Twenty years (give or take a few months) after their first Aotearoa gig at the legendary Tamaki Makaurau venue The Kings Arms Tavern, Calexico, are once again back touring on the back of their break-through meisterwerk album Feast of Wire, released twenty years ago and lovingly repackaged as a double album in 2023 .
Named after the California border town of Calexico, originally core members Joey Burns and John Convertino were the rhythm section in Howe Gelb’s Giant Sand, but in 1996 they formed Calexico and created what has been described by some as desert noir.
The Calexico lineup for this visit, is not quite the one that came in 2012, however given the fluidity of members around Joey Burns and John Convertino through the years, the array of multi-instrumentalists onstage which tonight includes Martin Wenk, Jacob Valenezuela, Sergio Mendoza Brian Lopez is quite true to its original.
Let’s be clear here, Calexico has returned numerous times since 2012, but 2024 is all about them recreating the buzz of us hearing songs from Feast of Wire for the first time..
Pōneke/Wellington-based artist Ebony Lamb, one half of alt-country band Eb & Sparrow, now defunct, sings and writes with a poet’s voice about everyday life, onto a bed of indie-folk, jazz, and ambient alt-pop. Comparisons to Beth Gibbons from Portishead or perhaps Hope Sandoval of Mazzy Star are somewhat unavoidable, given the ethereal vibe of the music and rhythms.
Late last year she released her self-titled debut album on Nadia Reid’s Slow Time Records, an album not only featuring Bic Runga (bass) and Kody Nielson (Drums/Keys), but an album also produced by the two. Tonight though, features not a band but an accompanying band member, as Ebony lamb took an appreciative audience through her debut body of mahi.
Starting promptly at 8.15pm to a filling Powerstation, I cut short a conversation with an old death metal friend I hadn’t seen for years (we are Facebook friends) and pay attention mid way through her first song.
This evening, Ebony Lamb is on electric guitar plus a box of tricks keyboard and was joined by fellow Wellingtonian Phoebe Johnson on bv’s and bass.
Salt Sea Sand is introduced as her punk song, about the current political climate, the bass lines are punk as, as are the sentiments.
Through a few more songs including: Midnight is My Name, Drive Me Around and Brother Get Me Home. Ebony Lamb sings and plays, creating a groove, a punchy 30 minute set that has a rhythm inviting audience attention and enjoyment. The audience is appreciative and I can’t wait to see her play with a full band, the difference could/should/would/will be mesmerising.
With a cheery ‘Welcome Auckland’ or suchlike Joey Burns announces Calexico onstage and they launch straight into a Mexacali tempter. The band’s frontman is chatty post song apologising for staying away so long, talking about his love for David Kilgour, horseback riding (asking for audience members for an avenue to indulge) and his family’s jealousy about him being in Aotearoa. It’s quite a rant, but it doesn’t seem strained or rehearsed as the Vibraphone and brass in Quattro (World Drifts In) sound huge and the harmonics of Black Heart fills the room, the six musicians on stage can’t help but dominate the Powerstation tonight.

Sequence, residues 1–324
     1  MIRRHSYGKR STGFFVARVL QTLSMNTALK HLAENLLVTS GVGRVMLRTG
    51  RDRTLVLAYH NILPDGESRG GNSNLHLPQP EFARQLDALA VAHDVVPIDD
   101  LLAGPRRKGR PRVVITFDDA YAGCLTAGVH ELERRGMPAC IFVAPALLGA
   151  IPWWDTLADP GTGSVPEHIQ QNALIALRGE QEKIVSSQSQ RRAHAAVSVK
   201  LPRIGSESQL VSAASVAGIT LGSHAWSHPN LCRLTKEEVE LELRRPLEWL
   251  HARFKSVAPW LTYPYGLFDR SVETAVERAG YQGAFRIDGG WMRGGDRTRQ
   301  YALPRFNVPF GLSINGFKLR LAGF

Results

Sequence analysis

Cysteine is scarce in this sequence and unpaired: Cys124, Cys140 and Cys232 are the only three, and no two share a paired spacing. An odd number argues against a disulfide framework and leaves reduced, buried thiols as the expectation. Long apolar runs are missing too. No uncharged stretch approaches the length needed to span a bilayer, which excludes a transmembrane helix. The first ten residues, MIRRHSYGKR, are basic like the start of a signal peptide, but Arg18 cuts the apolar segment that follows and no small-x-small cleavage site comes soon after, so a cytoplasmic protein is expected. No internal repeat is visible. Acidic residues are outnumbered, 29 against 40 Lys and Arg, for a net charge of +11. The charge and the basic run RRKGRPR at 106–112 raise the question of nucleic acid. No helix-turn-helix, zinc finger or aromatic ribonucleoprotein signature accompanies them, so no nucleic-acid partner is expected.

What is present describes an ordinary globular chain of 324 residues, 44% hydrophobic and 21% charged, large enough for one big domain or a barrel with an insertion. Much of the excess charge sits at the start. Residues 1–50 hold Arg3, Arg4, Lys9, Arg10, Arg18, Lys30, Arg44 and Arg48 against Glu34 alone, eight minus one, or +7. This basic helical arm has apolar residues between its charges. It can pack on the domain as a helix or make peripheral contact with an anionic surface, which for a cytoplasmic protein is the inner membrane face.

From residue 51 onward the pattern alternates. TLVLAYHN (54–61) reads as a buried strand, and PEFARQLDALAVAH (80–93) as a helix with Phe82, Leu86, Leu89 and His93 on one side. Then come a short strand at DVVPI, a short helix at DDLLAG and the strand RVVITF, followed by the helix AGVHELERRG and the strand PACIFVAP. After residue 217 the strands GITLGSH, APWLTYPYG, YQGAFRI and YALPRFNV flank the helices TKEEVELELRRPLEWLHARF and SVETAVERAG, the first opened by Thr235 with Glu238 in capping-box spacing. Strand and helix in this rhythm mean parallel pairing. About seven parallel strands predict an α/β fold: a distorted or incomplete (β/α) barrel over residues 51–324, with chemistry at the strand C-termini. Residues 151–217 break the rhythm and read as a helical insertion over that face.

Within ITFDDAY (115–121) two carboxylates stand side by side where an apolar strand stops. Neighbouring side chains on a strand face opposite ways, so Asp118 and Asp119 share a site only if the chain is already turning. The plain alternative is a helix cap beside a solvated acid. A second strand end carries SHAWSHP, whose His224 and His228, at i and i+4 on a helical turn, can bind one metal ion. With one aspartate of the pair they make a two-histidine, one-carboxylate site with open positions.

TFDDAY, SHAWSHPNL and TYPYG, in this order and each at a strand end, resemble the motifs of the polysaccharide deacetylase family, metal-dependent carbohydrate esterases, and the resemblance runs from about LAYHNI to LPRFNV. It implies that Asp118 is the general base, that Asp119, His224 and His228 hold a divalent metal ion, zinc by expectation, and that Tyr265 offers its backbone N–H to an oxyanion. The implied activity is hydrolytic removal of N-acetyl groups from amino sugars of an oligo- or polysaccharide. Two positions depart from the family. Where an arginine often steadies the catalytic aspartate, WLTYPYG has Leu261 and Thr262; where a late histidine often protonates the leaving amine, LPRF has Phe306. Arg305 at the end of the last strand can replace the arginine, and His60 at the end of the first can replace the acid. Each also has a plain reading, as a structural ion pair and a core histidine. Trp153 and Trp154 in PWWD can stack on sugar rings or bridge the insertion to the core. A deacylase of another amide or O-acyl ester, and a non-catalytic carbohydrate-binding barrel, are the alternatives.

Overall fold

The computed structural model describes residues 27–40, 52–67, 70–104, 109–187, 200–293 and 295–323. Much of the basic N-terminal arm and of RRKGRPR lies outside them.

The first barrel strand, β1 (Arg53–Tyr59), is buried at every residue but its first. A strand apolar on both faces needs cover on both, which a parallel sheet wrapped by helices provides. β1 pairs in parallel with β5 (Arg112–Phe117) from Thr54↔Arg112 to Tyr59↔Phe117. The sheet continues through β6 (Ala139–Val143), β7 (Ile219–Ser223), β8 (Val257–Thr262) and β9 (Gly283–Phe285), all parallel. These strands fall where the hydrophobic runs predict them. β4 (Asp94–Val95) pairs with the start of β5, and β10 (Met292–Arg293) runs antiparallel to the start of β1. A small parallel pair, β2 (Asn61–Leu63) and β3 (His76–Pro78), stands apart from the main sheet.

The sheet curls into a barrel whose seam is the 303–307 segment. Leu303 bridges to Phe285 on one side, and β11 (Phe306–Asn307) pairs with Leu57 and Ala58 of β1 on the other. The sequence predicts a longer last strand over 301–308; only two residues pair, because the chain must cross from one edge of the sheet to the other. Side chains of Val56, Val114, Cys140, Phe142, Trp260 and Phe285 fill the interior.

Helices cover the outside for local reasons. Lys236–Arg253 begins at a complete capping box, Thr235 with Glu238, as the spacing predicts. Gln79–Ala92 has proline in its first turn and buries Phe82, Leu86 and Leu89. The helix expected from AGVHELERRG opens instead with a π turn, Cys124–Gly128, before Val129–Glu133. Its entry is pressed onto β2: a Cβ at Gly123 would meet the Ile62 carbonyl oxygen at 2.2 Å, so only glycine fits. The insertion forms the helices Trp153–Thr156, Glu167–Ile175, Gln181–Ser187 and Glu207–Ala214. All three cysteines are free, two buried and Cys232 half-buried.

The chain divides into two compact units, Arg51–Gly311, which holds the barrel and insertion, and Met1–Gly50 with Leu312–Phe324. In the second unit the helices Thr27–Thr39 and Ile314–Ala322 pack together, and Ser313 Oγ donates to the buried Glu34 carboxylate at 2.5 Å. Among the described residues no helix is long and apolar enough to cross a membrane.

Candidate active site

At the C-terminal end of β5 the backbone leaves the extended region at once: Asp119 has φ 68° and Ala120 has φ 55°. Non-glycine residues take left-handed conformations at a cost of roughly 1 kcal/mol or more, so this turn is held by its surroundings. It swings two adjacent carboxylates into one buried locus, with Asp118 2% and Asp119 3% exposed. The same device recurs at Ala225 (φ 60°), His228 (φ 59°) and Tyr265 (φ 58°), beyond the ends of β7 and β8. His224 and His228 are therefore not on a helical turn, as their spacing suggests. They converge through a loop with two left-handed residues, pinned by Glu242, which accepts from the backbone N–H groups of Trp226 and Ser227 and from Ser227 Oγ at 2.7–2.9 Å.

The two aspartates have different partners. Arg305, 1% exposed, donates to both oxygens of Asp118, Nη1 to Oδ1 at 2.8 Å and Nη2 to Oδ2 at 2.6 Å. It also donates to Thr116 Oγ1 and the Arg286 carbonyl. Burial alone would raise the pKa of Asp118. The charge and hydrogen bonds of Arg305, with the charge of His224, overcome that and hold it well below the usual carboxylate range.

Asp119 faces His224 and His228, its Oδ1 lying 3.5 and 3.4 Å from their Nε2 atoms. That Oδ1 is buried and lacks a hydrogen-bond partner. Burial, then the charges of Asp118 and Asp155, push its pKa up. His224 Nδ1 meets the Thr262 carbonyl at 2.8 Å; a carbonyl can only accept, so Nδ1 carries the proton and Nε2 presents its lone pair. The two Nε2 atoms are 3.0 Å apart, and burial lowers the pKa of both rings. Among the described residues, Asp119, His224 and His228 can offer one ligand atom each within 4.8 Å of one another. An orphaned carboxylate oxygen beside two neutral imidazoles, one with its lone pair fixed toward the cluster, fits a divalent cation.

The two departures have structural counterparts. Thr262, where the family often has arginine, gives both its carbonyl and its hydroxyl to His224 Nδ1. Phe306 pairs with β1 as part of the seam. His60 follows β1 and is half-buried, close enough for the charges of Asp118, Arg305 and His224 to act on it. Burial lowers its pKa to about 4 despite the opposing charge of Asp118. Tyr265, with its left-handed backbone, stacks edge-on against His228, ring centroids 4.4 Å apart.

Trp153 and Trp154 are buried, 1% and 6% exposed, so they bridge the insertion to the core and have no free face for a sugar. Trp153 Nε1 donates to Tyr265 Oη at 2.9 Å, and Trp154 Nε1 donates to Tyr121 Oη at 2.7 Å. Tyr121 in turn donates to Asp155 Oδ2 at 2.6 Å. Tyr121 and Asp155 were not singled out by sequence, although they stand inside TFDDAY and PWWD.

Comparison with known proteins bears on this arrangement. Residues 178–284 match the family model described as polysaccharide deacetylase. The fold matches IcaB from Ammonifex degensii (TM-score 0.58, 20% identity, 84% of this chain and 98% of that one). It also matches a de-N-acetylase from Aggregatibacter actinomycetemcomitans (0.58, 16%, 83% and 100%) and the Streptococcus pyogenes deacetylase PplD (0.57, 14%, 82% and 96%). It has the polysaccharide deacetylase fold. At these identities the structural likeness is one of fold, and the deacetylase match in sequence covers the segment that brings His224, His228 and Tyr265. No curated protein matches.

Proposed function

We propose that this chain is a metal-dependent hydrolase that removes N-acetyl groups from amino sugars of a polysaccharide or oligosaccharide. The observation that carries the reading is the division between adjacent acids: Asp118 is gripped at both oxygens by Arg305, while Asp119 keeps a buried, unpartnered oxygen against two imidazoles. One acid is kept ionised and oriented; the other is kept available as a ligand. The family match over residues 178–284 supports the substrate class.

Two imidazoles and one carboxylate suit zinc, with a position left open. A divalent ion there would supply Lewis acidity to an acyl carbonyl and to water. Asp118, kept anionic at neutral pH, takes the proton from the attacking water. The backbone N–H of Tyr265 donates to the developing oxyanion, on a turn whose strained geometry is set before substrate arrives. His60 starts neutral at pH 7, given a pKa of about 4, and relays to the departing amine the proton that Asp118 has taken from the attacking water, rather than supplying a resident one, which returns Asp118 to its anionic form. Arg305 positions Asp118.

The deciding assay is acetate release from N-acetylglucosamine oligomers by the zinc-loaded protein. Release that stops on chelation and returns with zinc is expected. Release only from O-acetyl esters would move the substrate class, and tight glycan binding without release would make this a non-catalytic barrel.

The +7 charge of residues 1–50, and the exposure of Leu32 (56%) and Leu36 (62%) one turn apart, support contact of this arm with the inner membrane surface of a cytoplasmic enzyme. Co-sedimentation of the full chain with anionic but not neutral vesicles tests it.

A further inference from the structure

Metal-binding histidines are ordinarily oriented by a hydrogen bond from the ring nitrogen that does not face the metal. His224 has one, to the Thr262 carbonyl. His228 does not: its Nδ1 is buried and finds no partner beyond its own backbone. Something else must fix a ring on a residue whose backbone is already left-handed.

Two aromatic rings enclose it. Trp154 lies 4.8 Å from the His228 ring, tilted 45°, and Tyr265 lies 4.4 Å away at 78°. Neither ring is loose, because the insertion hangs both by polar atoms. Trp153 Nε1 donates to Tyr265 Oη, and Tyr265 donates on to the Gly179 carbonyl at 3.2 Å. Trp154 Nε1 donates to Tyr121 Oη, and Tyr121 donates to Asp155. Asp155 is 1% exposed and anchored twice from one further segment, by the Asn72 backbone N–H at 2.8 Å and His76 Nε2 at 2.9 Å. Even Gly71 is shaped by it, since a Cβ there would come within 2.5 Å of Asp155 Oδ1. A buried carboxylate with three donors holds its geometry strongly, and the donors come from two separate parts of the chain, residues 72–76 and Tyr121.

As Black Heart draws to an end, three photographers scuttle through the crowd past me, their time up in the sanctuary between band and crowd abandoned. I am already in awe of the musician in front of me, I think it is Sergio Mendoza, who already has rotated through accordion, slide-guitar and trumpet, behind him though other members are displaying their multiple talents swapping between guitars keys, vibraphone and another trumpet.
Pepito’s intro fills the gap between songs eerily, as the three guitar (acoustic, slide and electric) instrumental, create a mexacali soundscape enveloping the audience creating a moment of emotion that dovetails into the highly antici[pated Not Even Stevie Nicks (which is introduced with an espoused love for the venue) which then, in an agitpop way, metamorphosis into a version of Joy Division Love Will Tear Us Apart.
There is more aroha for crew and promoters as Instrumental Close Behind see the super-talented one juggle accordion and trumpet in unison, I get lost in the moment hypnotised by the Tex-Mex, Latin rhythms (John Convertino drumming is sublime) and jazz-tinged Americana being created on stage, and it is during Attack! El Robot Attack! I finally notice the unmissable bright sparkling red shirt of guitarist (and sometime bassist) Brian Lopez, who is slickly reproducing the licks from Feast of Wire.
And then the tequila shots kick in and all I can remember is the spectacular twin trumpet spectacle on Across the Wire (an album stand out) with Calexico version of Love’s Alone or Again following quickly (their version is far superior to most attempts I’ve heard live or recorded) And then Joey invites an old friend, Fen Ikner from the local band Lips, who used to play with the band way back when in Tucson!
There is more, but it blurs a little until the finale with Crystal Frontier starts with just Joey on acoustic guitar that expands into the widescreen band version and features Brian Lopez creatively adding a flanged guitar sound. The night ends with thanks and cheers, aroha is in the air, on both sides of the stage and once again, Calexico have sated Tamaki Makauarau appetite with a Feast of Wire.
Click on any image to view a photo gallery by Aaron Christiansen:
Quattro (World Drifts In)
Not Even Stevie Nicks… / Love Will Tear Us Apart
Attack el Robot! Attack!
Across the Wire
Alone Again Or
Whipping the Horse’s eye
Minas de cobre (For Better Metal)
Ballad of Cable Hogue
Flores y tamales
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